01/02/2013 05:18 EST | Updated 03/04/2013 05:12 EST

The Gloves are Off in the Youth Climate Change Fight

AP File
FILE - In this Feb. 25, 2008 file photo the tower of a church is seen between the smoke billowing chimneys of the brown coal power plant Frimmersdorf in Grevenbroich near Duesseldorf, Germany. The European Union's environmental agency says Spain and Italy could hinder the EU from achieving its greenhouse emissions target under a U.N. climate pact. The European Environment Agency said the debt-ridden countries are not on track to make the emissions cuts required by the Kyoto Protocol, and have not bought enough credits to offset the shortfall. (AP Photo/Frank Augstein, File)

It's fitting that in Canada, 2013 would be rung in not with a chorus of Auld Lang Syne, but instead to the sounds and sights of blockades, round dances and the drums of Idle No More. The Indigenous-led movement that is inspiring people around the globe comes after a year of political awakening across Canada -- a year that saw historic mobilizations from the Quebec student movement to Defend Our Coast.

But, the past year has also made the cold math of a warming world even starker. From record setting deadly heat waves, to super storms like Sandy and Bopha, to the unprecedented Arctic and Greenland ice sheet melt, history will remember 2012 as the year the climate changed. That means that 2013 needs to be the year that we bring the warming back home.

That's why the Canadian Youth Climate Coalition is taking a leap of faith and leaving charitable status behind. The decision to move away from charitable status was made because, frankly, we need to take the gloves off when it comes to fighting climate change. We are up against the most powerful and wealthiest industry on the planet, one which spends hundreds of thousands of dollars each day to keep business as usual on track, and to keep the planet warming.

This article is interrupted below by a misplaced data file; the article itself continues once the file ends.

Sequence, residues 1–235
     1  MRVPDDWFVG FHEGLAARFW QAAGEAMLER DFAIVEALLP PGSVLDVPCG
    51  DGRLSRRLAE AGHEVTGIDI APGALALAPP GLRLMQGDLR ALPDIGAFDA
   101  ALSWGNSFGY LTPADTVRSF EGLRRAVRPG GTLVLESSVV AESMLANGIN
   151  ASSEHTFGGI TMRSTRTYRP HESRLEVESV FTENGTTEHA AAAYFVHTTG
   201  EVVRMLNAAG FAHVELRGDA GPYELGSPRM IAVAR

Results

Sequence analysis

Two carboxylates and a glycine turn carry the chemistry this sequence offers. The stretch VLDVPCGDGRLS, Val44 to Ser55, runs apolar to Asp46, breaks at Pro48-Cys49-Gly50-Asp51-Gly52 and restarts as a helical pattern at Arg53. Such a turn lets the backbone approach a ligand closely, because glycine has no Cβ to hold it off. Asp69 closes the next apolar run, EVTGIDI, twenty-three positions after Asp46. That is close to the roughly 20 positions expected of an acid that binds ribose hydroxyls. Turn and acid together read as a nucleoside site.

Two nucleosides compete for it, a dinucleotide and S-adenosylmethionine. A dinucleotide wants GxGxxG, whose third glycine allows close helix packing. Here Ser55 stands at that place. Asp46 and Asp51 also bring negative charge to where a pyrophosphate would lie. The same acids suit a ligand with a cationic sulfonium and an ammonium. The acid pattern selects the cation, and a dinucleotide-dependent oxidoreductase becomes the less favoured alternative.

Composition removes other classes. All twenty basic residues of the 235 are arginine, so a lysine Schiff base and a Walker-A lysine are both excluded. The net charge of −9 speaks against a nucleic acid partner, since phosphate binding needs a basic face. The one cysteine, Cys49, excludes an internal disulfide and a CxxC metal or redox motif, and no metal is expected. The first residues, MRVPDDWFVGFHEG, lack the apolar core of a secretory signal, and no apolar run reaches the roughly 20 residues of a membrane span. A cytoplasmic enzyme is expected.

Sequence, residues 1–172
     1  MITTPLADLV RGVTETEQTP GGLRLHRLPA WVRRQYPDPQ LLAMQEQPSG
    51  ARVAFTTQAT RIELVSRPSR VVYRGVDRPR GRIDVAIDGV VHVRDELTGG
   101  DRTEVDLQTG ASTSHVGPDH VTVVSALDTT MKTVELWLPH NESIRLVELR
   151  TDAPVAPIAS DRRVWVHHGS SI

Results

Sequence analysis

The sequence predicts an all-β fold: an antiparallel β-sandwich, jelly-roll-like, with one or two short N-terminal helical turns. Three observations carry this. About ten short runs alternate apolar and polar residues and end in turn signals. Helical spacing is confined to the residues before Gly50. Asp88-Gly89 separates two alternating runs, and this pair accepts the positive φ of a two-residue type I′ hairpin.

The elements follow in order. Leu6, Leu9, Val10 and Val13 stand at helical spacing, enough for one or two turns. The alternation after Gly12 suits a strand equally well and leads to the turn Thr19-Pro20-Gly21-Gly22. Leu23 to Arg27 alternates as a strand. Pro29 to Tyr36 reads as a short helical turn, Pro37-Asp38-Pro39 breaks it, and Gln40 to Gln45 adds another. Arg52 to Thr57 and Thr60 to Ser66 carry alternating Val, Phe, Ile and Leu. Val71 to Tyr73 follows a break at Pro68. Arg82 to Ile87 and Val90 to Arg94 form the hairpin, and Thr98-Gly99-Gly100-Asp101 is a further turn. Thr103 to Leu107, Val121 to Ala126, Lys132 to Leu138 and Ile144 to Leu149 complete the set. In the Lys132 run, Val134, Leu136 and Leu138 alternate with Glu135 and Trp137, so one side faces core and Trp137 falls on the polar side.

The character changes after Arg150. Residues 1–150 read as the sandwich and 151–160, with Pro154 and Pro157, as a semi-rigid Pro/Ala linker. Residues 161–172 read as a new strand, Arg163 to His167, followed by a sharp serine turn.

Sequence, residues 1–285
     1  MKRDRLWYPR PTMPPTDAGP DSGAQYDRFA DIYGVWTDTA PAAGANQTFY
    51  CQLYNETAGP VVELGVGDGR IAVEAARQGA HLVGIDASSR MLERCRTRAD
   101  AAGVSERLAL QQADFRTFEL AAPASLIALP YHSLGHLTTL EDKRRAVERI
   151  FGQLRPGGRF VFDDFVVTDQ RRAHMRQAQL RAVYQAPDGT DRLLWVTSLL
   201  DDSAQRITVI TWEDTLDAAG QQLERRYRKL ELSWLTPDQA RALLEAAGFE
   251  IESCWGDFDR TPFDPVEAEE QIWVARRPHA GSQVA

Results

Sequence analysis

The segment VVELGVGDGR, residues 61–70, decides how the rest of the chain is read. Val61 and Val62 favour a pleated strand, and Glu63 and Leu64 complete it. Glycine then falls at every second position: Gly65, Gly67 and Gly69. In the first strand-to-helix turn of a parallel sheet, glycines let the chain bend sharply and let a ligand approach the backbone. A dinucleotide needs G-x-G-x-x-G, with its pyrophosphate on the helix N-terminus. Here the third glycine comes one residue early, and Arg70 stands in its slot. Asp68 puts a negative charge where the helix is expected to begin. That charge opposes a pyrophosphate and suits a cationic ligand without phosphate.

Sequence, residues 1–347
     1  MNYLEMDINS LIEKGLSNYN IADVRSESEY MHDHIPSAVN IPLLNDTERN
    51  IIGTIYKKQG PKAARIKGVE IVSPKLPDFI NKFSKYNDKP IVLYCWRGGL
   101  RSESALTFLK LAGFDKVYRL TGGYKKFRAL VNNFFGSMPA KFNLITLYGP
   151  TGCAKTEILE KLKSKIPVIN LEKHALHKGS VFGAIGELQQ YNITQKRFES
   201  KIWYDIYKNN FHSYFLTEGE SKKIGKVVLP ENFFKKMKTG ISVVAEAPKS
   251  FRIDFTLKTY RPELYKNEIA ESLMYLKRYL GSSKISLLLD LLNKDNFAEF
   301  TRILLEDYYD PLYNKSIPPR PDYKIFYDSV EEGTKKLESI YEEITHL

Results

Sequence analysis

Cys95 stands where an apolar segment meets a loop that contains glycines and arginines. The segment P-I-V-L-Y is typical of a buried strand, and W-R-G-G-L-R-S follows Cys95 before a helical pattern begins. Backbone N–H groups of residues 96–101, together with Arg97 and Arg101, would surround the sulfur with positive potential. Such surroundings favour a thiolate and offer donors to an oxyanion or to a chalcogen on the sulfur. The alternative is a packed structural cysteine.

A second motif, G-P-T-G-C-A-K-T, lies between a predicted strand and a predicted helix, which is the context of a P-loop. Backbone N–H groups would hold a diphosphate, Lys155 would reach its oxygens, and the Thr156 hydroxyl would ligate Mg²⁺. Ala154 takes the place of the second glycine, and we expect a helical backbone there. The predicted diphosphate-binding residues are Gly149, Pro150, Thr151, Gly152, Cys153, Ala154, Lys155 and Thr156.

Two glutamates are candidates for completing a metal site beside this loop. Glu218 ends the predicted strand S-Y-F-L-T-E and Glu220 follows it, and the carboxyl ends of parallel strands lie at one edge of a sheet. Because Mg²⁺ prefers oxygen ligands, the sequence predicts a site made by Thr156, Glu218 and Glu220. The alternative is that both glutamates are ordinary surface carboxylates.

"You can have a healthy fossil-fuel industry or a healthy planet, you can't have both," founder Bill McKibben said to a packed room at PowerShift Canada before heading out on the Do The Math roadshow across the United States. Since then, as 2012 has wound down, a massive campaign to divest American universities from the fossil fuel industry has taken off. Modeled after South African Apartheid divestment, the campaign is at its core about that one simple truth: the business model of the fossil fuel industry is fundamentally at odds with our planet's health.

The math is deceptively simple. We have 565 gigatonnes of space left in our atmosphere to keep global temperature rise below 2 degrees Celsius, the red line that even the Harper Government has adopted. Meanwhile, the global fossil fuel industry has 2,795 gigatonnes in their proven reserves, and they want to burn each and every ounce of it.

Our job is to stop that.

We're putting our energy into building a movement that can take on the fossil fuel industry, and we're starting on campuses across Canada by joining the fossil fuel divestment movement. Already schools like McGill and the University of Ottawa are working to divest their campuses from dirty energy in Canada, and in its first month in the United States over 192 schools have started up campaigns.

So as 2013 begins, we are setting our own resolution, to work with campuses across Canada to make this year the start of something big in Canada, we hope you'll join us.

Doha Climate Conference